Chapter 13 Bankruptcy

Consumers needing relief may file for a Chapter 13 bankruptcy, which provides additional benefits and burdens compared to a Chapter 7 filing.  Chapter 13 requires the debtor to have a regular source of income and is commonly referred to as a "wage earner" bankruptcy.  Chapter 13 also requires the debtor to create and file a plan to repay creditors.  The repayment plan may last up to 3 or 5 years depending on the debtor's income.  Upon the completion of the repayment plan, a debtor will receive a discharge for the dischargeable debts according to the terms of the plan.  

What are the main benefits of filing a Chapter 13 bankruptcy?

 

Chapter 13 provides a debtor with an opportunity to propose a repayment plan to pay creditors.  Creditors cannot draft the repayment plan for a debtor or force a debtor to accept certain terms.  The opportunity to draft and control the plan provides a debtor with the flexibility necessary to draft a repayment plan that he or she can complete.  Completing the plan is necessary for a discharge in most circumstances unless the debtor cannot complete the plan due to hardship.

Another major benefit is the debtor generally gets to keep all of the property of the estate.  The estate includes all property owned or rights to property owned by the debtor at the time of filing the bankruptcy petition.  This means that a debtor can keep a house or car that may be in jeopardy of forfeiture, even if they are behind on payments.  Unlike a Chapter 7 liquidation bankruptcy, the trustee does not sell the debtor's property that is not subject to a lien or protected by an exemption.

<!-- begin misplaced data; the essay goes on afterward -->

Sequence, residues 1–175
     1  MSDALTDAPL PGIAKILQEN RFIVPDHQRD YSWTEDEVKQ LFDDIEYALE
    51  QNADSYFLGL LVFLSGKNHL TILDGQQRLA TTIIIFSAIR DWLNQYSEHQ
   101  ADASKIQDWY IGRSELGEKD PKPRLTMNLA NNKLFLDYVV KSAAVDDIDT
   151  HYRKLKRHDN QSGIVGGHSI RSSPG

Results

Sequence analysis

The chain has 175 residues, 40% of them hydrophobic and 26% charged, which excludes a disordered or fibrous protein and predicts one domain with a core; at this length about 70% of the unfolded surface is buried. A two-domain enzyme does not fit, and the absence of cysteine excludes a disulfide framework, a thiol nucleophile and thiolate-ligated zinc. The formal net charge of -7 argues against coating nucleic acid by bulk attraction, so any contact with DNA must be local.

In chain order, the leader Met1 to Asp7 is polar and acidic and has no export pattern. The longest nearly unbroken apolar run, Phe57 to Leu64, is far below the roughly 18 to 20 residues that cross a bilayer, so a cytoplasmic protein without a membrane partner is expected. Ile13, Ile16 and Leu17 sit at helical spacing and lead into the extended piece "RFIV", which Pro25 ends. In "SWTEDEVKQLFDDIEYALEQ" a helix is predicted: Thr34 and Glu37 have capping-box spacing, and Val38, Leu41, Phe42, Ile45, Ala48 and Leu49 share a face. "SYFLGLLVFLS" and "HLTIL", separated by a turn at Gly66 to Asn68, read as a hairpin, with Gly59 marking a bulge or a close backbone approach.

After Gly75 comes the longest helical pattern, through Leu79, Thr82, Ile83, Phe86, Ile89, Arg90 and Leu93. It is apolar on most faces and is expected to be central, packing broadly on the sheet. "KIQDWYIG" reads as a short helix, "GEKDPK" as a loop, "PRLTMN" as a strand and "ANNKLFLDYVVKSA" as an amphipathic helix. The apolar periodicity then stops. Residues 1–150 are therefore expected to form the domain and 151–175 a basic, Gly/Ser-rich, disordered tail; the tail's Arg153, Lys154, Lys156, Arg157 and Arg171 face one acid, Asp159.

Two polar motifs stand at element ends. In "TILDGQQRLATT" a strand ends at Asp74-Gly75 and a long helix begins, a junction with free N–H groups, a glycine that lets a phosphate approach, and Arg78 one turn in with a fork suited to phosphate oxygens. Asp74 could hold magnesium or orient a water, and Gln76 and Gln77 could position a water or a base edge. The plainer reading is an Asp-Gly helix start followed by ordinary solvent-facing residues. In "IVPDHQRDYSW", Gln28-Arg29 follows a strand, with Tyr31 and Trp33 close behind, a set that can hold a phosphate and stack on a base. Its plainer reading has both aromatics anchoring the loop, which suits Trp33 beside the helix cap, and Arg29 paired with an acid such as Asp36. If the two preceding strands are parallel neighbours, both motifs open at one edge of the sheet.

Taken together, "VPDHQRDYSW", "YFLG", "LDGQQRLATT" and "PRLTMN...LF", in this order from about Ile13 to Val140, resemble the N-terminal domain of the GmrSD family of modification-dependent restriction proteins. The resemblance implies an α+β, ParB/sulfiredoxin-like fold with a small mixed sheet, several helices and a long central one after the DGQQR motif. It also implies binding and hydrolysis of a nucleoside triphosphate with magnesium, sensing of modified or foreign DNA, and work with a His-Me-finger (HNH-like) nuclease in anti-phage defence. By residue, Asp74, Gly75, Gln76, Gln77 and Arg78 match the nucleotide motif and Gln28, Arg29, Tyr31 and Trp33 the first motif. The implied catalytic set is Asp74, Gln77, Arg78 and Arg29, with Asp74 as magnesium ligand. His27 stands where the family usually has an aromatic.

Chapter 13 provides a debtor with an opportunity to keep their house.  A debtor may cure missed payments or loan defaults depending on the situation.  For example, if a home has gone through the foreclosure process, either because of missed mortgage payments or property taxes, it may be too late to file for bankruptcy to save the house.  If the foreclosure process is ongoing, filing Chapter 13 gives rise to the automatic stay which stops the creditor from taking the house through foreclosure.  If the debtor can create a repayment plan and have the bankruptcy court confirm that plan, the debtor can keep the home and cure the missed payments.